427 m2

92.5 m2

Sweep angle

300

31.60

250

Root chord

10.6 m

9.57 m

4.76 m

Tip chord

2.6 m

2.29 m

1.22 m

Mean chord

7.26 m

7.01 m

3.22 m

Flaps

Single slotted

Double slotted

Double slotted

Taper ratio

0.25

0.24

0.25

Wing loading

760.5 m2

699.8 m2

Type

Dimensions

Wing

20

594.6

m2

Weights
Payload

50900 kg

59422 kg

12400 kg

Empty weight

130900 kg

167800 kg

28080 kg

MTOW

275000 kg

299370 kg

55000 kg

Fuel weight

114615 kg

135845 kg

21871 kg

CFM56-5C3

GE90-115B

GE CF34-

Powerplant
Name

10E
Thrust rating

145 kN (x4)

514 kN (x2)

82.3 kN (x2)

SFC

0.58

0.55

0.65

Dry weight

3990 kg

8283 kg

1700 kg

Max speed

914 kph

927 kph

890 kph

Cruise speed

880 kph

895 kph

847 kph

Max R/C

23 m/s

24.38 m/s

16.19 m/s

Service ceiling

12500 m

13140 m

12496 m

Range

14300 km

18700 km

8334 km

Takeoff run

3125 m

3045 m

1852 m

Performance

21

5. COMPARATIVE GRAPHS

1. Cruise Speed vs. Range

22

2. Cruise speed vs. Altitude

23

3. Cruise Speed vs. Wing Loading

24

4. Cruise Speed vs. Gross Weight

25

5. Cruise Speed vs. Aspect Ratio

26

6. Range vs. Aspect ratio

27

7. Wing loading vs. Aspect ratio

28

8. Wing Loading vs. Takeoff run

29

9. Wing Loading vs. R/Cmax

30

10. Aspect ratio vs. R/Cmax

31

6. WEIGHT ESTIMATION

MISSION PROFILE

Gross weight W0 = Wcrew + Wpayload + Wfuel + Wempty


Wcrew = 800 kg ( 2 pilots + 6 cabin crew)
Wpayload = 4000 kg (40 passengers max)
Gross weight W0 = Wcrew + Wpayload [1 (WfW0) (WeW0)]

32

Estimation of empty weight fraction (WeW0)


WeW0 = A W0c
= 1.0595 x W0-0.0598

Estimation of fuel fraction (WfW0)


WfW0 = Ktf x (1 -WnW0)
WnW0 = W1W0 x W2W1 x . x Wn-1wn-2 x WnWn-1
Fuel fraction for warm up, taxing and take-off (W1W0) = 0.98
Fuel fraction for climb (W2W1) = 0.98

Fuel fraction for cruise (W3W2)


From Breguet range equation:
W3W2 = exp { -R x TSFC / (3.6 x V x L/D) }
To calculate L/D
(L/D)max = 1/ (4 Cd0 k)
Cd0 = 0.005 Rw Tf S-0.1 {1- (Clf/Rw)} [1- 0.2M + 0.12{M (cos1/4)1/2/ Af t/c}20]
We have,
M= 0.79

33

AR= 9.45
t/c = 0.14
Taper ratio, = 0.25
Sweep angle, 1/4 = 250
Ne = 0 (no. of engines located on top of the wings)
Clf = 0 (assuming no laminar flow over the wing in cruise)
Rw = Swet/S = 5.5
Tf = 1.1 (a factor which is unity for streamlined shape)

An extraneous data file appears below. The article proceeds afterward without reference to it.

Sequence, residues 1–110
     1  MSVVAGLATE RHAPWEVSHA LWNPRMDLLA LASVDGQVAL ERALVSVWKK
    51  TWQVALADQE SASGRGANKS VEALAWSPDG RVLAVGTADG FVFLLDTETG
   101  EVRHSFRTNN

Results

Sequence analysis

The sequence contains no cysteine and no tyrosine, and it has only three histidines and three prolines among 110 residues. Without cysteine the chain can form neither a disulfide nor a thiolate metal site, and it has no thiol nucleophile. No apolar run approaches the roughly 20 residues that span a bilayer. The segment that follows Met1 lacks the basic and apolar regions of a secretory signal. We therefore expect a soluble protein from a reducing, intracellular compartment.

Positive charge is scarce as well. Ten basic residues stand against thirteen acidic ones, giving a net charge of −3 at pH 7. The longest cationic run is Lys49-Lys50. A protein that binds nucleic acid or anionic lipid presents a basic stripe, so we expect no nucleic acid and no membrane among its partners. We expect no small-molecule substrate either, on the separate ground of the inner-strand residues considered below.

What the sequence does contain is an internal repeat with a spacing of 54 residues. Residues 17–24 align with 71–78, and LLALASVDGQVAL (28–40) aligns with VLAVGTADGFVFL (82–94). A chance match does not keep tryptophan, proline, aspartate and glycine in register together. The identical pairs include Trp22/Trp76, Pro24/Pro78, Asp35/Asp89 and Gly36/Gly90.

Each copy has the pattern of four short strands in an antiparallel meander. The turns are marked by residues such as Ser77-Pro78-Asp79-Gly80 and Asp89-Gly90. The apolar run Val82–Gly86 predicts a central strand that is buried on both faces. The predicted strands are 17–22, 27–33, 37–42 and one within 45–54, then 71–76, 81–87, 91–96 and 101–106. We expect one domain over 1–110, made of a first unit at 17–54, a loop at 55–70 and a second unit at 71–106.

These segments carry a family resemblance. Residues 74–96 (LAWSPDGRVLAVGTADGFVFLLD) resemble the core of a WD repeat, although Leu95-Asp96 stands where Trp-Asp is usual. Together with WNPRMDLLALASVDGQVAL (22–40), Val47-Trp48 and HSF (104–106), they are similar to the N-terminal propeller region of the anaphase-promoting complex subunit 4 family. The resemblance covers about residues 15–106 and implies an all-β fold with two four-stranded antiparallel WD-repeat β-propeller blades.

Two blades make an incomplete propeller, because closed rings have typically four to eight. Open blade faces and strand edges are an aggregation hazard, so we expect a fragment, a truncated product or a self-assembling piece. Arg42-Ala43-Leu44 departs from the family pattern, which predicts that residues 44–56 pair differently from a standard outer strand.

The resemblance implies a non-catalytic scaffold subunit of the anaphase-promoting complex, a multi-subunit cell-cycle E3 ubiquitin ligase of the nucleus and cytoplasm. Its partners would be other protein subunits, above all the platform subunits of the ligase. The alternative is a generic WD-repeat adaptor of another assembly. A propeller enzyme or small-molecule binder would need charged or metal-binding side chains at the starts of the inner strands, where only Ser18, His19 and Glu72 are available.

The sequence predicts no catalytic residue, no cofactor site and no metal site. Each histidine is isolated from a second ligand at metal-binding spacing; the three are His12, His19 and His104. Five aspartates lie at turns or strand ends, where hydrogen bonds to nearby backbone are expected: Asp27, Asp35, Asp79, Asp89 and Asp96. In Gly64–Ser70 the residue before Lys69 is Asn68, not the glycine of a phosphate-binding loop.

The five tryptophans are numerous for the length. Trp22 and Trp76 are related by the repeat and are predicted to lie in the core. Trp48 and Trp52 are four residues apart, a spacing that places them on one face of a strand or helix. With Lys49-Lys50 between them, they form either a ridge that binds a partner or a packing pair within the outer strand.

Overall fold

Af = 0.93 (airfoil factor)
= 1.013 (wing thickness ratio correction factor)
f () = 0.00592
Substituting,
Cd0 = 0.01875 [0.8868]
Cd0 = 0.0166

To calculate K
K = 1/AR { 1+ 0.12M6 [((1+ {0.142 + f()A(10 t/c)0.33})/ (cos1/4 )2 ) +{0.1
(3Ne + 1)/ (4+ AR)0.8 }]
K = 0.03368 {1.029 [1.249 + 0.0125]}

34

K = 0.04372

(L/D)max = 1 / (4Cd0k)
(L/D)max = 18.56

(L/D)cruise =86.6 % (L/D)max


(L/D)cruise = 16.07

W3W2 = exp { -R x TSFC / (3.6 x V x L/D) }


= exp { - 11000 x 0.51 / (3.6 x 236.67 x 16.07)
W3/W2 = 0.663

Fuel fraction for loiter (W4/W3)

W4/W3 = exp { - E x TSFC / (L/D)}


= exp { - 0.5 x 0.41 / 18.56 }
W4/W3 = 0.989

Fuel fraction for descent, landing and taxing (W5/W4) = 0.98

35

W5/W0 = W1W0 x W2W1 x W3/W2 x W4/W3 x W5/w4


= 0.98 x 0.98 x 0.663 x 0.989 x 0.98
W5/W0 = 0.617
WfW0 = Ktf x (1 -WnW0)
Wf/W0 = 1.06 x 1 (0.617)
Wf/W0 = 0.406

Gross Weight, W0 = Wcrew + Wpayload [1 (WfW0) (WeW0)]

W0 = 4800 / [1 0.406 1.0595(W0)-0.0598]

W0 Guessed (kg)

We/W0

W0 Calculated (kg)

80000

0.539

87272

85000

0.537

84210

84500

0.5377

85257

84800

0.5375

84995

84900

0.53746

84907

36

The estimated Gross weight (W0) is 84907 kg


Wf = 0.406 x 84907
= 34472 kg is the maximum fuel weight onboard.
Maximum fuel capacity,
Vf = Wf / fuel
= 34472 / 0.809; fuel = 0.809 kg/l, (value obtained from Janes All the World
Aircraft)
Vf = 42610 L (in wings + 3-9 belly tanks)

40%
54%

6%

Weight Distribution Chart


37

Empty weight
Paylod
Fuel weight

7. WING LOADING

THRUST LOADING (T/W)


T/W0 = AMmaxC
= 0.267 (0.82)0.363
(T/W)takeoff = 0.248

(T/W)cruise = 1/(L/D)cruise
(T/W)cruise= 0.0622

WING LOADING (W/S)


Stall:
Vstall = Vapproach / 1.3
= 72.5 / 1.3
Vstall = 55.77 m/s

CLmax = CL =0 cos 1/4


= 3.4 cos 250
= 3.08

38

W/S = (Vstall2 CLmax )/2


= (1.225 x 55.772 x 3.08) / 2
W/S = 598.12 kg/m2 (at sea level)

Landing:
Ground roll distance, S = 80 (W/S) / (CLmax )
(W/S) = S (CLmax )/ 80
= 662 x 0.82 x 3.08 / 80
(W/S)landing = 21 kg/m2

Cruise:
Skin friction coefficient, Cfe = 0.003 (subsonic)
Assuming Swet/S = 5.5

Parasite drag CDo = Cfe (Swet / Sref)


CDo = 0.0165

Oswald efficiency factor,


1/e = 1/ewing + 1/efuselage + 0.05

39

ewing = 0.84 for an unswept wing of A = 9.45 and = 0.25


ewing for a swept wing is,
ewing = ewing=0 cos (-5)
= 0.84 cos (25-5)
= 0.7893
1/efuselage = 0.1

1/e = 1.267 + 0.1+ 0.05


Therefore, e = 0.707
At 10 km altitude, V= 236.67, = 0.41 kg/m2
q0 = V2 / 2 = 1170.5 kg/m2

(W/S)optimum cruise = q0 (eARCD0 /3)0.5


= 1170.5 ( 0.432)
(W/S)optimum cruise = 506.2 kg/m2
(W/S)takeoff = (W/S)opt cruise x (W1/W0)-1 x (W2/W1)-1
= 506.2 x 0.98-1 x 0.98-1
(W/S)takeoff = 527 kg/m2

40

600
500
400
300

W/S

200
100
0
takeoff

cruise

landing

Wing loading